Breeding

Postdoctoral researcher Josh Hegarty leads NIFA-funded project to breed triticale cultivars for forage

Josh Hegarty, a postdoctoral researcher in the Dubcovsky Lab in the Department of Plant Sciences at the University of California, Davis, is leading a project to develop commercial varieties of triticale to be grown for forage and feed. The National Institute of Food and Agriculture, or NIFA, is granting a $300,000 investment as part of their Agriculture and Food Research Initiative.

Allen Van Deynze receives $650,000 investment from NIFA to breed green chile peppers for mechanical harvesting

Allen Van Deynze, professor in the Department of Plant Sciences at the University of California, Davis, has received an investment of $650,000 from the U.S. Department of Agriculture’s National Institute of Food and Agriculture, or NIFA, for a project that will develop commercially competitive green chile peppers, like jalapeños, that are amenable to mechanical harvesting.

11 genes for carotenoid traits in kernels provide a roadmap for more nutritious maize

Christine Diepenbrock, an assistant professor in the Department of Plant Sciences, and several researchers from Cornell, Michigan State, Purdue, and North Carolina State Universities have collaborated to identify and thoroughly dissect 11 genes underpinning natural variation in levels of carotenoids, including those with provitamin A activity, in maize kernels. 

UC Davis releases 2 new strawberry varieties

Red, ripe strawberries are the hallmark of spring in California. Two new varieties from the Public Strawberry Breeding Program at the University of California, Davis, will provide consumers with big, flavorful strawberries throughout fall and winter, too.

“These cultivars were developed to provide high-quality fruit from late summer through the holidays,” said Steve Knapp, director of the UC Davis Strawberry Breeding Program and professor in the Department of Plant Sciences.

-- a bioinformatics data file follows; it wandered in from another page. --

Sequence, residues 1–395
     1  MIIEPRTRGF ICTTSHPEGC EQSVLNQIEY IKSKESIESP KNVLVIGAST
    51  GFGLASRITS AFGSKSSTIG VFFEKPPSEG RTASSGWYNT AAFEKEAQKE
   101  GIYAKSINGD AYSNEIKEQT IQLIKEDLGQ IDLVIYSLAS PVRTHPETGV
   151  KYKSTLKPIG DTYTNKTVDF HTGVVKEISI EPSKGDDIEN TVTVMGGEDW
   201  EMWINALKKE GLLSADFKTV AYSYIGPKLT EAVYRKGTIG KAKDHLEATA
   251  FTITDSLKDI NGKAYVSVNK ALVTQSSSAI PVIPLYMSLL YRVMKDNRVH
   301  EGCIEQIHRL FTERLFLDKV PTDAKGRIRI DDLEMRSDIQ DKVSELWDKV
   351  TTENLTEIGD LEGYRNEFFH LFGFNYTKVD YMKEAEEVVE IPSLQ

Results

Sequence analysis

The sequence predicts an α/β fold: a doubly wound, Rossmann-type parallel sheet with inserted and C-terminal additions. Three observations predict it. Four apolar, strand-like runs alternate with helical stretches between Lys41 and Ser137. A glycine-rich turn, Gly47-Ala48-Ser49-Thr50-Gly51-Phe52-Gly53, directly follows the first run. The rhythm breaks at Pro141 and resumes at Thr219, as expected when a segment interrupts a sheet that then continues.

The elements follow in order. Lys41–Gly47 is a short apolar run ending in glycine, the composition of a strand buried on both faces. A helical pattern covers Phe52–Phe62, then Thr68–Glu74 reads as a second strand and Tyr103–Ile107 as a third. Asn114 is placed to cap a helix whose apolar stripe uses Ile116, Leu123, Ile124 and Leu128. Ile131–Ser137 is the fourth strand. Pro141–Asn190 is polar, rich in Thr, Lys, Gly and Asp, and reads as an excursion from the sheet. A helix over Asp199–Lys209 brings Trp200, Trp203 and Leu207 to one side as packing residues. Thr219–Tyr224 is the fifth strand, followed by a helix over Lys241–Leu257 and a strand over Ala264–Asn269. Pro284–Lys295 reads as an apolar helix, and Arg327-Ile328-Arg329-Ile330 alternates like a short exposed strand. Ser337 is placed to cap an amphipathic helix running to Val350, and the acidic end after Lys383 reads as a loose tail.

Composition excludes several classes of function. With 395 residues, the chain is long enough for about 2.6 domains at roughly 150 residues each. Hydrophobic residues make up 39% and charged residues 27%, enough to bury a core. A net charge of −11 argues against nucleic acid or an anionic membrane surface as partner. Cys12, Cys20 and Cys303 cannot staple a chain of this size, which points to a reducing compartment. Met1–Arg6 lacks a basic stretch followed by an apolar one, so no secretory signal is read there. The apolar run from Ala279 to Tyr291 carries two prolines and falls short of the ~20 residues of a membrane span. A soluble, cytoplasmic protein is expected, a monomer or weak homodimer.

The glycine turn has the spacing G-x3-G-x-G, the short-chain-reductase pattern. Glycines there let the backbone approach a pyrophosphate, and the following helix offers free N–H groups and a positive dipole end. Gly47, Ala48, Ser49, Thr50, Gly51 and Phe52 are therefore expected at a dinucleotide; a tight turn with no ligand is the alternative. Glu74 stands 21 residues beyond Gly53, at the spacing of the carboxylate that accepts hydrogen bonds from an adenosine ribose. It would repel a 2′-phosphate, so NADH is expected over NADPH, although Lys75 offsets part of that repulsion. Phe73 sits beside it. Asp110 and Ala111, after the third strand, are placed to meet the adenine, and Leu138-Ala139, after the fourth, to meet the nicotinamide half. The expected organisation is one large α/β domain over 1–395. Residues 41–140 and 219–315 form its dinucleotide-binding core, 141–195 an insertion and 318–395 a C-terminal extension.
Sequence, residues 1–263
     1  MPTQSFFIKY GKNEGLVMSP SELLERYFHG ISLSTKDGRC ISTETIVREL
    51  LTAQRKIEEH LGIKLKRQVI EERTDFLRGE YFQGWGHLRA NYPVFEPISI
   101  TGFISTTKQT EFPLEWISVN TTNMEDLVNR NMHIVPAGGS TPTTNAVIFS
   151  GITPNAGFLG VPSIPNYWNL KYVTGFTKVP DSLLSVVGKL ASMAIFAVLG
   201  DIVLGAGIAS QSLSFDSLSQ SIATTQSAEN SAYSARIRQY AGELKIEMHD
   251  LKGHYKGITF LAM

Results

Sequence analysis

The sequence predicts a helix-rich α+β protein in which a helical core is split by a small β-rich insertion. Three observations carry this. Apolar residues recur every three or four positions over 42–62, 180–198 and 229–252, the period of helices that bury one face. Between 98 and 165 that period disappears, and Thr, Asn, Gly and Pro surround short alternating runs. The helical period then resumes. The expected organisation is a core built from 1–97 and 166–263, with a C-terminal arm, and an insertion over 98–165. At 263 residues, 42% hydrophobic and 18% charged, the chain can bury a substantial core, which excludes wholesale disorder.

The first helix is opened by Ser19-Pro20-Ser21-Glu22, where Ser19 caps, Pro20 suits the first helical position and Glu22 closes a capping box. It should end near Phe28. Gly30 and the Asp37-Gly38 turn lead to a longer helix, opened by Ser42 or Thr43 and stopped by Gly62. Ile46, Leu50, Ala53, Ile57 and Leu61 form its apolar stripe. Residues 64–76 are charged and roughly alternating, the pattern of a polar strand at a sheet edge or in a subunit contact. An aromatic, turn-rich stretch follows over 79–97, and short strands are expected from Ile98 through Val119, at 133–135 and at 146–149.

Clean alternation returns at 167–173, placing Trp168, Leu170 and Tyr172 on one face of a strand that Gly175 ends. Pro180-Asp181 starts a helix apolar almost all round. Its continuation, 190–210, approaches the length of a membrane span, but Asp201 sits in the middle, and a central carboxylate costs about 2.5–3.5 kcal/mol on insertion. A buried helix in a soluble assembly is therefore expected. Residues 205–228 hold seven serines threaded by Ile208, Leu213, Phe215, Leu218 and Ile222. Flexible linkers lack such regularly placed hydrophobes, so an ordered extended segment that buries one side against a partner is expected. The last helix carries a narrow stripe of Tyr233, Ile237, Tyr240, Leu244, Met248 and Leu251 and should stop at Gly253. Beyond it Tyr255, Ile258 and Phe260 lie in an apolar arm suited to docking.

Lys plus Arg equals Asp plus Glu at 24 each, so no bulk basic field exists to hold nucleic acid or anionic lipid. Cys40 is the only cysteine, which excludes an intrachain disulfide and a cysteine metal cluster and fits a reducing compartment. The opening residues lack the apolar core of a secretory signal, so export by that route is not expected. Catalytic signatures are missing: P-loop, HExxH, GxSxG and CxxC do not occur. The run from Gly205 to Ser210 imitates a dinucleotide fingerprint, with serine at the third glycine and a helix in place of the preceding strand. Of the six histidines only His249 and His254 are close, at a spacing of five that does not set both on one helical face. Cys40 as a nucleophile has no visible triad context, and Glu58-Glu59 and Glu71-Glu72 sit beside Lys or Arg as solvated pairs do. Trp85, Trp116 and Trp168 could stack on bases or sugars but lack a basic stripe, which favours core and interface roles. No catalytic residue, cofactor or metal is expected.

UC Davis Releases 6 New Varieties of Organic Beans

The Department of Plant Sciences has released six new varieties of organic dry beans which are higher yielding, and are resistant to bean common mosaic virus (BCMV), a disease that prevents bean plants from maturing promptly and uniformly. Spearheading the project were Ph.D. candidate Travis Parker, Distinguished Professor Paul Gepts, and Charlie Brummer, professor and director of the Plant Breeding Center at UC Davis.

New Dry Bean Varieties for Organic Growers: Coming Soon

New dry bean varieties, which are disease-resistant and high-yielding, are being bred at UC Davis for commercial organic production. Ph.D. student Travis Parker, who works with Professor Paul Gepts in the Department of Plant Sciences, wrote this article for the Organic Seed Alliance.

Breeding Plants for the Farm of the Future

Breeding crops has been practiced for millennia — new technology has greatly enhanced the ability of plant breeders to feed the world’s growing population, while spearheading a new era of agriculture in harmony with nature and people. Sustainability, Disease resistance, and Labor efficiency are pressing issues in plant breeding.

Breeding Crops for Enhanced Food Safety

Plant breeders and food safety experts held a conference at UC Davis to discuss issues relevant to food safety, including microbial contamination control in produce throughout the food chain (seeds, field production, pre- and postharvest, packaging, distribution, marketing). Conference chair was Professor Maeli Melotto, Plant Sciences, UC Davis.

Plant Breeding Academy Addresses Global Food Needs

To address the global shortage of plant breeders and enable future food security, the UC Davis Plant Breeding Academy offers a professional development certificate program in the United States, Europe, Asia, and Africa.